A person who buys a high-end woodworking tools is more passionate about craftsmanship than someone who buys cheaper ones. A person who spends $2,000 on a suit is excited about a certain level of dress. A person who spends $300 on a pen finds more enjoyment from the act of handwriting (or simply collecting pens). On average, anyway. Cost doesn’t always equal quality, and spending money isn’t always indicative of true interest. However, more often than not, someone who makes that type of commitment to a product has a much higher level of interest in what it stands for than someone who does not.

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As online comment sections propagated throughout the web and faced people-related scaling issues, mainstream media sites become a popular example of low quality discourse. Some chose to invest meaningful resources into their comments, but many did not.

In recent years, an assortment of news publishers and noted publications have closed their comment sections. I don’t necessarily see that as a big deal or even a bad thing. There’s an ebb and flow here. Many people rush into tools without enough thought, then wonder why they don’t work. There is an eventual correction as they find its not for them or something shinier attracts their attention.

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Let’s say you have previously accepted content from community members requiring only an email address. This could be forum posts, photos, reviews, comments, whatever.

Now, you’ve decided it’s time to go deeper and create an account system so that you can offer additional features and connect more directly with the community. And you want to convert those old members (and their content) into this new system.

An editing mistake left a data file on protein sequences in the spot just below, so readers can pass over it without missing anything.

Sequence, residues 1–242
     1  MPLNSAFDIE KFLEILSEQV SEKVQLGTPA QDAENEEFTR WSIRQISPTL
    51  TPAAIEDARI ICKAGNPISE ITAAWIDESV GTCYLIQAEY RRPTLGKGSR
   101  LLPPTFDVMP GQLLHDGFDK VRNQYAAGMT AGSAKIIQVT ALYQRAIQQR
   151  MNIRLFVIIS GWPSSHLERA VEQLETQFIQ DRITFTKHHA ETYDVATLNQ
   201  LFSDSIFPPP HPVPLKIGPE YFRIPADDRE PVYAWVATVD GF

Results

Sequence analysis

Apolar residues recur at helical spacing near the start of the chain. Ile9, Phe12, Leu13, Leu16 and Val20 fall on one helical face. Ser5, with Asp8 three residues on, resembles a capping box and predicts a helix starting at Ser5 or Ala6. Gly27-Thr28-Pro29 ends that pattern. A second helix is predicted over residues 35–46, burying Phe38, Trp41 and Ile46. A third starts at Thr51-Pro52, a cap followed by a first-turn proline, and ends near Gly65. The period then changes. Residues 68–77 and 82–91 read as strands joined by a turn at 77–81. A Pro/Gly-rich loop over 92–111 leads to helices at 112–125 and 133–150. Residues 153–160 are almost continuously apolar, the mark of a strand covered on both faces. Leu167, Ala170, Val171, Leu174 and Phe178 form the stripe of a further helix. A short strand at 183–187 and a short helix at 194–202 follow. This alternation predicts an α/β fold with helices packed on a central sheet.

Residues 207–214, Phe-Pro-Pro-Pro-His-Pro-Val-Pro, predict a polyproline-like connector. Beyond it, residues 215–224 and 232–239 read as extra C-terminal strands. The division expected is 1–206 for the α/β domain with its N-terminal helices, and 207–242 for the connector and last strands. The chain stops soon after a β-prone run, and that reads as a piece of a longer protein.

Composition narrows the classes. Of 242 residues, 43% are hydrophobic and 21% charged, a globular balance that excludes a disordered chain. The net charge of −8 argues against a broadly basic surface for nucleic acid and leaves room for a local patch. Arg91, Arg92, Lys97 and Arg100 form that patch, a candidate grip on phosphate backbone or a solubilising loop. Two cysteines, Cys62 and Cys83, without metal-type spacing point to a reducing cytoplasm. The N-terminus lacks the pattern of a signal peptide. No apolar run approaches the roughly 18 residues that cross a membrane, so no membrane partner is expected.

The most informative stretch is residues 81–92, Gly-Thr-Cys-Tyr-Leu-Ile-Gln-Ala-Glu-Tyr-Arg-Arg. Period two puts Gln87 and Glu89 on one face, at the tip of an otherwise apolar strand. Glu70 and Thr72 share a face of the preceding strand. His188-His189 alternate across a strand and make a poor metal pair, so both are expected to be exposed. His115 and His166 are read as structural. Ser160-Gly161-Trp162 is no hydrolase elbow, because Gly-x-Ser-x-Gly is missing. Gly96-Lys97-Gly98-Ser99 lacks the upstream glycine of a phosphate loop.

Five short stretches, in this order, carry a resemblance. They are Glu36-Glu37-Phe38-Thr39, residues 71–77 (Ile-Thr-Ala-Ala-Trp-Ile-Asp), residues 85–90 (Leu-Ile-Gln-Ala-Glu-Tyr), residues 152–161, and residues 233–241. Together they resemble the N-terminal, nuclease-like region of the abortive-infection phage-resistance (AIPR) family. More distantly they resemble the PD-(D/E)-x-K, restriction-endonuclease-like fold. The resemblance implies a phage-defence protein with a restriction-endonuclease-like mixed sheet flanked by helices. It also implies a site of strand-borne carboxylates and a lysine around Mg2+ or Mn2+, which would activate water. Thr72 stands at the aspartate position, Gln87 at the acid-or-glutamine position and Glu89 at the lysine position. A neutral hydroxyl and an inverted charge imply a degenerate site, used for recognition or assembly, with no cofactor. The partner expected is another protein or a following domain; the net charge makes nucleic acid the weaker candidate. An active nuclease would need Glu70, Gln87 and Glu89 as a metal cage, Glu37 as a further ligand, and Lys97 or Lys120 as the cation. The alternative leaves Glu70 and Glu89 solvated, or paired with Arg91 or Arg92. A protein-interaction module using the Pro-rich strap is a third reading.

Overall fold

How should you do this?

You could automatically create the accounts and then email people, allowing them to confirm their address and create a password. No matter how you word it, this is tricky because in most circumstances, people don’t like having an account created for them without having been asked first, even though it might make total sense from a technical/software evolution standpoint.

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The greats of tomorrow are in the online communities of today. They might even be in yours.

Even though online communities have been around since the 1980s, we are only a generation or two deep into mainstream usage of online communities. Where when someone is really into a subject, they seek out others online who are similarly motivated and driven.

I’ve seen this over and over again. My time at SitePoint is an easy example. In a setting like this, people who are self-motivated and driven often gravitate toward one another. I met so many people who have gone on to do great things and be recognized as leaders. They’ve climbed the corporate ranks at high-profile companies, founded successful ones, written books and done amazing work. That community was about programming, web design and business, so those are the pursuits they excelled in.